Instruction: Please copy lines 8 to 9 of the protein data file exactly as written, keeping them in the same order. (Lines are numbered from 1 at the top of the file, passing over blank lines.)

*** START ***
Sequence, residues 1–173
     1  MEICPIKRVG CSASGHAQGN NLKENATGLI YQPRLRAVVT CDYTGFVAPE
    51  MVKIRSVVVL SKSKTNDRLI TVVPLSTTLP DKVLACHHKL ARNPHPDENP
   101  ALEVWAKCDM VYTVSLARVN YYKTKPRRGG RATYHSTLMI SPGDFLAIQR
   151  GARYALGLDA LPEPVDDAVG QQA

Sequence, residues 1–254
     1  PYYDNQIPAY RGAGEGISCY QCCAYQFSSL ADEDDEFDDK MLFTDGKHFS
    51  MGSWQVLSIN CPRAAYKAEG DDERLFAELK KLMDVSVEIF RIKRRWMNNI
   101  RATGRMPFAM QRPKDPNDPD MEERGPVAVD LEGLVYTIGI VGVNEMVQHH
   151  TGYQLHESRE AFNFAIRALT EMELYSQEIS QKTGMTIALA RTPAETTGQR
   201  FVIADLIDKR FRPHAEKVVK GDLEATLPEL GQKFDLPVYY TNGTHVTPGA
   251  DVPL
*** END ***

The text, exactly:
    51  MGSWQVLSIN CPRAAYKAEG DDERLFAELK KLMDVSVEIF RIKRRWMNNI
   101  RATGRMPFAM QRPKDPNDPD MEERGPVAVD LEGLVYTIGI VGVNEMVQHH